4. Other Structural Systems: Have other structural systems, such as exterior walls, experienced defects? You’ll need to note that here.
  5. Plumbing System: Is the system in operating condition? Have there been any issues? Note that here.
  6. Heating System: Does heat get pushed to all the rooms, and is the system in working order? Note that here.
  7. Air Conditioning System: Does cool air come to every room, and is the system in working order? Note that here.
  8. Electric Systems: Any problems with outlets, wiring, circuit breakers, etc. need to be noted here. You also need to record whether your smoke detectors will still work if there’s a power outage.
  9. Septic Systems: Does the septic system work, and when was it last pumped? Make note of that here.
  10. Water Supply: Have there been any issues with the water supply? Is there a water treatment system or fire sprinkler system? Make sure to record that here.
  11. Insulation: Take note of whether there’s insulation in the ceiling, exterior walls, and any other areas.
  12. Exterior Drainage: if you’ve experienced drainage issues (such as water standing on the property for more than a full day after heavy rain) you’ll need to note that here, as well as the current condition of your gutters and downspouts.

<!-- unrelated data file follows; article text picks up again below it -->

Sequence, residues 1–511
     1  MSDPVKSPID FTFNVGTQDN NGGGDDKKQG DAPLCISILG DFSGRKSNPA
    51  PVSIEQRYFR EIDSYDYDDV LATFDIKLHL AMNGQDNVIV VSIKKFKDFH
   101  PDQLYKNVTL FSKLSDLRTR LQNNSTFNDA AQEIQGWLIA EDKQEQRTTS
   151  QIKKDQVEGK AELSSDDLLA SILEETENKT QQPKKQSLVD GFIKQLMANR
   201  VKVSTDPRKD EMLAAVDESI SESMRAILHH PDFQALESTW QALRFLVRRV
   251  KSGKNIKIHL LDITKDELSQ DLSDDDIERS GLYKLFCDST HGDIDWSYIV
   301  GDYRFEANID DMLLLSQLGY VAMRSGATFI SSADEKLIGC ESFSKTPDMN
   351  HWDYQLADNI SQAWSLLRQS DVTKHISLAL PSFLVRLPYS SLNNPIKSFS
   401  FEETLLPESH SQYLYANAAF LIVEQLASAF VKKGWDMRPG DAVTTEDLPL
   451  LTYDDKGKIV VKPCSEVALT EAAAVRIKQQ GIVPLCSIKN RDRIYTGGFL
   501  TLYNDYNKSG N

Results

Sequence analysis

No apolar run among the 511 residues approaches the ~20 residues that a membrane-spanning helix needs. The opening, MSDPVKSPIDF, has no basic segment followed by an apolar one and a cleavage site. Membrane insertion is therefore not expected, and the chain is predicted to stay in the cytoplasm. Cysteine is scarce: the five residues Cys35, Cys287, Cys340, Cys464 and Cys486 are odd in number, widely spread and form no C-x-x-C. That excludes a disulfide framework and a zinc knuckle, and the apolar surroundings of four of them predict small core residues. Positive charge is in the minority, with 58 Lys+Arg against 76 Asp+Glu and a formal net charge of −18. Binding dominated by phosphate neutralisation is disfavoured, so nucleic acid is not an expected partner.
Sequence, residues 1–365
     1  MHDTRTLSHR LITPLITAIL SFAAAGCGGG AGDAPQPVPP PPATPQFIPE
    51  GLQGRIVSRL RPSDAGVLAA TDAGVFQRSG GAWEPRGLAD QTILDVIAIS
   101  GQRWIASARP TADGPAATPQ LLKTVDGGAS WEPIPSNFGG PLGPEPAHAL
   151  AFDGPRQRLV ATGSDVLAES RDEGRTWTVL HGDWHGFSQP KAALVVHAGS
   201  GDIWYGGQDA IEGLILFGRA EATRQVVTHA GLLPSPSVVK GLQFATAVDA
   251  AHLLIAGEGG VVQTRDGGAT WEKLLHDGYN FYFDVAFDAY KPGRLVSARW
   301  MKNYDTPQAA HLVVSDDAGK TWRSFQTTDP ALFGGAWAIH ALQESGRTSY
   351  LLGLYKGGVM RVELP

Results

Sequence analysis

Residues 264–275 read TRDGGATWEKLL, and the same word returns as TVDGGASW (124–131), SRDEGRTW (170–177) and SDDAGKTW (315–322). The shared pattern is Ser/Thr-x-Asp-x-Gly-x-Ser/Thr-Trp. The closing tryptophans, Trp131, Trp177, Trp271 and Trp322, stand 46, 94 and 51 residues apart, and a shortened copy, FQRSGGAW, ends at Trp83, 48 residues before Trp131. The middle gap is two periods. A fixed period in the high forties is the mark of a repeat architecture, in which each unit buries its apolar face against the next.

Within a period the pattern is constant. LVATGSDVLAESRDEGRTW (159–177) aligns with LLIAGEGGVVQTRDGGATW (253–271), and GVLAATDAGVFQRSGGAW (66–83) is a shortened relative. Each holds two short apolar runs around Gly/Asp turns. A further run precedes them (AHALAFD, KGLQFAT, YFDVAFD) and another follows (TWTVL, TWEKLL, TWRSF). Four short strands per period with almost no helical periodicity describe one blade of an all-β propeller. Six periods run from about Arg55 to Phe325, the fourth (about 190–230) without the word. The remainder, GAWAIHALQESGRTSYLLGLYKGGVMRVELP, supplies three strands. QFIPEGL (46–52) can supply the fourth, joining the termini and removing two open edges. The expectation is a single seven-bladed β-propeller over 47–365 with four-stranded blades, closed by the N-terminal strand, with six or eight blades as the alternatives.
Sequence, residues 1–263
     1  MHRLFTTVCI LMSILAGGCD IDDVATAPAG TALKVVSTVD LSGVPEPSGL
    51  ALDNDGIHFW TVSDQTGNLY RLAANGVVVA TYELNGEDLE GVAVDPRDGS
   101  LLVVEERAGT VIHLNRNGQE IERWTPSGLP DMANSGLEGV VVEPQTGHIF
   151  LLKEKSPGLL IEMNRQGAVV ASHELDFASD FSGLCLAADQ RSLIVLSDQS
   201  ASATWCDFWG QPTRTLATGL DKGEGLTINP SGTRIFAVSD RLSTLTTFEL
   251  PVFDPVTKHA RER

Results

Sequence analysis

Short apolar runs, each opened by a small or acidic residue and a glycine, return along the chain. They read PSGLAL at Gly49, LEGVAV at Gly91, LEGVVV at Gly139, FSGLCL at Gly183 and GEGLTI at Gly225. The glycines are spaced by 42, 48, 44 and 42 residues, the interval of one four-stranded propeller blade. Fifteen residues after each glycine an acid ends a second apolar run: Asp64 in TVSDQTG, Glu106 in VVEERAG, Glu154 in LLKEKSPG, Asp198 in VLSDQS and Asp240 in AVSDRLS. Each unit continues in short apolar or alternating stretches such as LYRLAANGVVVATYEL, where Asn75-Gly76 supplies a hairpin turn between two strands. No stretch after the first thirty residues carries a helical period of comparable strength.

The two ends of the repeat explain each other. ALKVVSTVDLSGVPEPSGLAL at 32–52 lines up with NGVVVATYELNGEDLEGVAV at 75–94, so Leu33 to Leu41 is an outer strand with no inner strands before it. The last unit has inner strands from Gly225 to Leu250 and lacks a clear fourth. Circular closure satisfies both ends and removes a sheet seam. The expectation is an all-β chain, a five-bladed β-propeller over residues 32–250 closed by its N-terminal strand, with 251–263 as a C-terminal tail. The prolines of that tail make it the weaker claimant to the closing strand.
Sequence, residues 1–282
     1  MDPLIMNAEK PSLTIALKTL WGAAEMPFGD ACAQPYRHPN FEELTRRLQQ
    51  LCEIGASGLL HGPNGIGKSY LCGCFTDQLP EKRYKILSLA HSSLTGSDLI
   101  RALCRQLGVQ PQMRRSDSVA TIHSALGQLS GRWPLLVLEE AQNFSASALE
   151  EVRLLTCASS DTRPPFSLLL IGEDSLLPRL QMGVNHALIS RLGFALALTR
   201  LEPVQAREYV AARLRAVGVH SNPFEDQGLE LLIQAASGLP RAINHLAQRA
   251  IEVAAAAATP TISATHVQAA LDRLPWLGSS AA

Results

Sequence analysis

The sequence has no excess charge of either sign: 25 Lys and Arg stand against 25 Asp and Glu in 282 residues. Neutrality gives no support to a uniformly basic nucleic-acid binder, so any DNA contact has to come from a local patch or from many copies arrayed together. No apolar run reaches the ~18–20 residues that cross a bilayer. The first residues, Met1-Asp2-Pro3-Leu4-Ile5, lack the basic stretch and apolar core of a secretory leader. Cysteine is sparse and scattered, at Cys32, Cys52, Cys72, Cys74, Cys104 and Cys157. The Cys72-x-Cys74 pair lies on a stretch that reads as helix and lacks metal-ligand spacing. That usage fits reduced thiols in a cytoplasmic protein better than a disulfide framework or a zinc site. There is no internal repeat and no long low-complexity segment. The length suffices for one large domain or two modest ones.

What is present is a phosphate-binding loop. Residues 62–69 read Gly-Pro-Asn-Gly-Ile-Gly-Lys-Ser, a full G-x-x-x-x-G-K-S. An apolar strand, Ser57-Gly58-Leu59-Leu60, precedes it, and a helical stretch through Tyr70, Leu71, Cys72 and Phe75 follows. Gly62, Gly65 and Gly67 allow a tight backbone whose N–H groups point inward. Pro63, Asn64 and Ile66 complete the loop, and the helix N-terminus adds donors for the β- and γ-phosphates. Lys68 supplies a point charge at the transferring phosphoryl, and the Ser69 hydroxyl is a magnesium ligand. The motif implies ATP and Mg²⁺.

13. Wood Destroying Insects: Has there ever been an infestation or prior damage? You’ll also need to make note of any treatments you’ve had done, as well as any warranties (from a pest control company or other).
  14. Hazardous/Regulated Materials: If there are any hazardous materials on the property, you’ll need to specify what those are here. This includes - but isn’t limited to - radon gas, lead-based paint, and asbestos. Any home built before 1978 is required to obtain a lead-based paint inspection.
  15. Carbon Monoxide Alarm: If the home uses fossil fuel combustion for anything - including hot water or for heat - is there a CO alarm installed? Note that here.
  16. Zoning/Building Restrictions: Zoning violations, nonconforming uses, and setback requirements all need to be recorded here.
  17. Flood Zone/Wetlands/Historic: If a property is located in a designated historic area, a wetland area, is considered a Chesapeake Bay critical area, or is in a flood zone, you’ll need to note that here.
  18. HOAs/Community Associations: If you belong to an HOA, you should note that here as well as any applicable monthly fees, etc.
  19. Additional Material Defects: This last category covers anything that impacts the physical condition of the property that wasn’t covered by the rest of the document. In other words, if you didn’t see a specific issue outlined above, don’t assume that’s a “get out of jail free” card. You are still responsible for listing any known defects. 

Further Reading for Selling a House in Maryland